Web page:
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Bio about Renee Liang

Renee Liang is a paediatrician (a doctor who specialises in children’s illnesses) who also writes poems and plays. Her parents moved to New Zealand from Hong Kong before Renee was born. She has two sisters. Her Chinese Wen-Wei which means literary blossom. She lives in Auckland with her husband and two children.

When did you decide you wanted to be an author?
When I was about your age. When I was six my teacher started reading The Lion, The Witch and the Wardrobe, by CS Lewis, to us in class.  I must have talked about that book all the time because for my seventh birthday my parents bought me the entire set of Narnia books.  From then on I was hooked on reading – whenever I got the chance, and even sometimes when I was supposed to be doing something else, my nose was in a book!  I remember reading C S Lewis’ introduction to his stories, when he said that he wrote the stories that he himself wanted to read. That made complete sense to me. And from that day on I wanted to be an author.
What is the first story you wrote called?
It was called “The Hole In the Forest”, and I wrote and illustrated it aged five. I still have it. It features a tiger who falls through a hole in the forest into a magical world. And it has a golden spine, made of stapled cardboard.
Where are you from?
I am from New Zealand, but my parents are from Hong Kong and they were born in China.  My family has always loved travelling – my parents must have been on the biggest adventure of their lives when they decided to come a third of the way across the world to live here!!  I have their sense of adventure to thank for my wonderful life and opportunities.  I love to travel too. I’ve been to Europe, Africa, South America and Antarctica.
When do you mostly like to write stories?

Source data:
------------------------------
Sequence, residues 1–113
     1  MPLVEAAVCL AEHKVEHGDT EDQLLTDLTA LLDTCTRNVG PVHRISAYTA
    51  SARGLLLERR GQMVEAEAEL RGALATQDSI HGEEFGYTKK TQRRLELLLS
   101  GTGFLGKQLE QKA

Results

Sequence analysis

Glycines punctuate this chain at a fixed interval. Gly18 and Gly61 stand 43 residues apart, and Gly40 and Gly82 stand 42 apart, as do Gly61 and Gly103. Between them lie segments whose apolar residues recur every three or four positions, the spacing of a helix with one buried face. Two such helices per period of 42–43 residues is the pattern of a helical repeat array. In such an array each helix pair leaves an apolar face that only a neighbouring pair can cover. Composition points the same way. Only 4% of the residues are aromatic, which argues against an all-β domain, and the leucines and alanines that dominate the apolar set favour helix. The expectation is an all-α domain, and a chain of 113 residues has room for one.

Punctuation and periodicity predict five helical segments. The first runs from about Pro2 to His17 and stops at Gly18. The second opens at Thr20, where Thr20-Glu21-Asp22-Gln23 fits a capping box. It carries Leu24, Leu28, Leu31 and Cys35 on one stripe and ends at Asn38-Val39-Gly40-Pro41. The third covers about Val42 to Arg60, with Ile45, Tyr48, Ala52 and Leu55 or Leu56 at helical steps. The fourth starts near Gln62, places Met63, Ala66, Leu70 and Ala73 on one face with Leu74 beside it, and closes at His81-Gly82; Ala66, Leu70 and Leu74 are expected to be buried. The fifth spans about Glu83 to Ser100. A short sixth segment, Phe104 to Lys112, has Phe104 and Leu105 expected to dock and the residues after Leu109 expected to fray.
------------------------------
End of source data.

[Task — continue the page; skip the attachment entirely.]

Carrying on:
My most creative time is at night. I’ve always been a night owl. There’s something about staying up past everyone else, and staring out my dark window, and dreaming of far away worlds.  Sometimes I’ve stayed up so late it becomes morning again.
Why did you choose to be an author?
I don’t think people choose to become writers….writing finds them.  When people tell me that stories bubble up inside them and they can’t stop thinking about them, then I know they are true writers. And my advice to them is, to write. To give in to the delicious urges and let themselves indulge in creating these worlds and characters that only they could make.
Who is your inspiration?
I’m inspired all the time by everyone that I meet. When I meet people, whether it be in my job as a children’s doctor or at the supermarket or elsewhere in my daily life, I start wondering about what it is that makes them tick.  Sometimes the wondering turns into a character in a story. Other times I learn something from the things that they tell me.  I read a lot too, and watch a lot of plays. I think, ‘oh, this is an interesting question’ or ‘I’ve never seen a story told this way before’, and it all goes into my brain for later.  Right now I’m watching my kids (a toddler, and a baby) a lot as they’re constantly exploring and learning. They teach me how to see the world in new ways.
7.  What do you like to write about most?
I write about whatever’s affecting me in my life. It’s changed over the years.  I wrote a lot about love; about family; and about who I thought I was.  I’m used to people asking me where I’m from and complimenting me on my English, even though I was born here! So I write about identity.  Now that I have kids, I’m starting to think about writing stories for them.

Thanks for the questions Joni, and also sharing the information about yourself!  I hope to read some of your writing one day. Renee

 

Note from Paula: What a fantastic interview. I loved reading this.  Thanks Joni and Renee. Renee has a cool poem in A Treasury of NZ Poems for Children called ‘Caterpillar’ about a children’s game.